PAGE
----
In 1982, Trip Hawkins founded a company that would change the gaming industry forever. Now, he's trying to do the same to education.
Trip Hawkins is arguably one of the most important entrepreneurs in the history of the gaming industry.
As founder of Electronic Arts, now a nearly $9 billion corporation, he essentially created the home video game market. Now, The Wall Street Journal reports, Hawkins wants to take the lessons he's learned along the way and apply them to the education industry. In doing so, he's aiming to capitalize on one of the biggest trends in K-12 schools: one-to-one computing devices for kids.
On Wednesday, Hawkins announced the release of an education-focused app through his new startup called If You Can, as well as a $6.5 million funding round from Greylock Partners and Almaz Capital. Founded in late 2012, the San Mateo, California-based company aims to develop emotional intelligence in kids ages six to 12. The app, called "If," is a virtual world in which kids design their own character and navigate through the game while learning skills like empathy and perseverance. The game draws on academic publications about "social and emotional learning skills," an often ignored sector of education.
"I'd like to quote [abolitionist] Frederick Douglass, who said, 'It is easier to build strong children than repair broken men,'" Hawkins said in an interview with Forbes. "While adults need these skills too, we thought it made sense to start with children."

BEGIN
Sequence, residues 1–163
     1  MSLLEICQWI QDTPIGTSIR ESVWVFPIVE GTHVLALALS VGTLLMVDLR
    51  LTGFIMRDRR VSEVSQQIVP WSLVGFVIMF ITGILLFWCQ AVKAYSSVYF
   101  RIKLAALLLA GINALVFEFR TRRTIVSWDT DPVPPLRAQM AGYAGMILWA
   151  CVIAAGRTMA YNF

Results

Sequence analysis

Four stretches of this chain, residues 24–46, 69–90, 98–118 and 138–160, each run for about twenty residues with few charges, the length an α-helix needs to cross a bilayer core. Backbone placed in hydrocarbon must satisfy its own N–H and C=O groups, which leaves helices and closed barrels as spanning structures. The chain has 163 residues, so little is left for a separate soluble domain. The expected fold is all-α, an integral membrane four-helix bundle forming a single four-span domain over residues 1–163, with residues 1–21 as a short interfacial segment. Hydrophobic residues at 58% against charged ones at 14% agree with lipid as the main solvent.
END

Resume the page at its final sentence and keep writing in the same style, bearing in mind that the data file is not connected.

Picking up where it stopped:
The release of the If iPad app comes at a time when schools are increasingly experimenting with giving tablets to students, a trend that could be a major opportunity for education technology startups. Of course, as a serial entrepreneur, Hawkins knows failure is always an option. This is not, after all, Hawkins' first re-entry into the business world since launching Electronic Arts. In 1991, he founded 3DO, a video game console company, which went bankrupt in 2003. This time, however, he's expecting big things to come.
"I've definitely been ahead of my time on some things, and been behind on others. This time, though, I think the timing is just right," Hawkins told Forbes. "Who wouldn't want their kids to have a game that teaches them how to be compassionate?"